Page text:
[Photo/ Sportpesa]

Kenyans spent at least Ksh83.2 billion in six months ended September 2021 to place bets, new data has shown. The amount was deposited to b*****g sites through Safaricom’s M-Pesa platform alone, a 69 percent jump from Ksh49.2 billion a year earlier.

Safaricom earned Ksh2.95 billion from the b*****g craze, an increase from Ksh1.48 billion a year earlier. On the other hand, the Kenya Revenue Authority collected at least Ksh6.2 billion from punters using M-Pesa.

In what appears to be a growing b*****g a*******n in the country, bets funded from M-Pesa accounts surged 84.7 percent to 347.8 million. The government has been trying to discourage b*****g through heavy taxation, which includes 7.5 percent of the value of bets placed, 20 percent of winnings and corporate taxes on b*****g firms.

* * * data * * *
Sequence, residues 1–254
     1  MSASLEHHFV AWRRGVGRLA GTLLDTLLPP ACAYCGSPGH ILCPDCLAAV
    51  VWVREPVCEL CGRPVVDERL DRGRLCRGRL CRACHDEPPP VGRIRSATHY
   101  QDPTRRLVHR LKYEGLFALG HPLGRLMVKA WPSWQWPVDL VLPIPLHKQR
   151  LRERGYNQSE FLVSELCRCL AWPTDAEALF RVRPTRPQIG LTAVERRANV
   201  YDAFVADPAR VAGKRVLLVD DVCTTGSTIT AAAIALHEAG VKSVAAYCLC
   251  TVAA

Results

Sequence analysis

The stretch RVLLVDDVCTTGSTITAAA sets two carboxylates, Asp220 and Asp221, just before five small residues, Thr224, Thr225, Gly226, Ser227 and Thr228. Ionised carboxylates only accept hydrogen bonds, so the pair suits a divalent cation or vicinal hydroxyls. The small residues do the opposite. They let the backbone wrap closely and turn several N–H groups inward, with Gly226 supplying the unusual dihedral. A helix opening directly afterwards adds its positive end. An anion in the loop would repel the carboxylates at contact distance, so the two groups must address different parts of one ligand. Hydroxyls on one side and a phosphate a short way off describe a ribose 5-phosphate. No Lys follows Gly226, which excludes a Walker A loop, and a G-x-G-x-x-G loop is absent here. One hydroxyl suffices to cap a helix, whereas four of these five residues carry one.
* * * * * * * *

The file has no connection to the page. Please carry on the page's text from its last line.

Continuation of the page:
For every Ksh100 you place as a stake, firms would be required to set aside Ksh20 as excise duty. The 20 percent tax was initially introduced in 2019, but b*****g firms successfully lobbied to have it removed through changes to the Finance Act 2020. B*****g has in the past decade become a multi-billion dollar industry in Kenya – with sports b*****g and lottery brands such as Sportpesa, Betika and Odibets becoming some of the country’s most recognizable firms.

As of 2019, there were over 100 b*****g companies in the country, forcing the government to start a crackdown that saw the number drop drastically.

The B*****g Control and Licensing Board (BCLB) in September announced that it had suspended 70 M-Pesa pay bill numbers for unlicensed or unauthorised gaming activities run through broadcast channels.

Being private entities, it has been hard to know what b*****g companies mint from Kenyans, since they are not required by law to make public their earnings.

Read: KRA Eyes B*****g Billions With 20% Stake Tax

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